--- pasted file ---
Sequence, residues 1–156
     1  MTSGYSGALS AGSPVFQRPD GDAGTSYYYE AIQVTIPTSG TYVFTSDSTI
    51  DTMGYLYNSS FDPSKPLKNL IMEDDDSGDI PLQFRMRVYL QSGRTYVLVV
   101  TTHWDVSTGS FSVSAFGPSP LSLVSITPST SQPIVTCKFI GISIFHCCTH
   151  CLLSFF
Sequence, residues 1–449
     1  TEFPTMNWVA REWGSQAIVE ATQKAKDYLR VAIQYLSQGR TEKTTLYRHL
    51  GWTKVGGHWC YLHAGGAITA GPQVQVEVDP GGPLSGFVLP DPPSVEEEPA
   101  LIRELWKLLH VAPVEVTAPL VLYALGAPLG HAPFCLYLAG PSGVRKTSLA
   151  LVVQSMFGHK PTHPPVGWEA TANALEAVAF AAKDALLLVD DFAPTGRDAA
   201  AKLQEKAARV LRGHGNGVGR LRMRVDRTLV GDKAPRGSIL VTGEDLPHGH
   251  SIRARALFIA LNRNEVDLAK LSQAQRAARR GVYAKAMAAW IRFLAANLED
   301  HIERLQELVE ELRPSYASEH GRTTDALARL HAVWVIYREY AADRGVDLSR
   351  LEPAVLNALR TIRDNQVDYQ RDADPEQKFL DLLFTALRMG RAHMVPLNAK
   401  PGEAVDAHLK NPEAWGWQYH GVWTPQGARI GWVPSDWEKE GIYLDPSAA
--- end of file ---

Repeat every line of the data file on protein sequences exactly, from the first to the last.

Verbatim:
Sequence, residues 1–156
     1  MTSGYSGALS AGSPVFQRPD GDAGTSYYYE AIQVTIPTSG TYVFTSDSTI
    51  DTMGYLYNSS FDPSKPLKNL IMEDDDSGDI PLQFRMRVYL QSGRTYVLVV
   101  TTHWDVSTGS FSVSAFGPSP LSLVSITPST SQPIVTCKFI GISIFHCCTH
   151  CLLSFF
Sequence, residues 1–449
     1  TEFPTMNWVA REWGSQAIVE ATQKAKDYLR VAIQYLSQGR TEKTTLYRHL
    51  GWTKVGGHWC YLHAGGAITA GPQVQVEVDP GGPLSGFVLP DPPSVEEEPA
   101  LIRELWKLLH VAPVEVTAPL VLYALGAPLG HAPFCLYLAG PSGVRKTSLA
   151  LVVQSMFGHK PTHPPVGWEA TANALEAVAF AAKDALLLVD DFAPTGRDAA
   201  AKLQEKAARV LRGHGNGVGR LRMRVDRTLV GDKAPRGSIL VTGEDLPHGH
   251  SIRARALFIA LNRNEVDLAK LSQAQRAARR GVYAKAMAAW IRFLAANLED
   301  HIERLQELVE ELRPSYASEH GRTTDALARL HAVWVIYREY AADRGVDLSR
   351  LEPAVLNALR TIRDNQVDYQ RDADPEQKFL DLLFTALRMG RAHMVPLNAK
   401  PGEAVDAHLK NPEAWGWQYH GVWTPQGARI GWVPSDWEKE GIYLDPSAA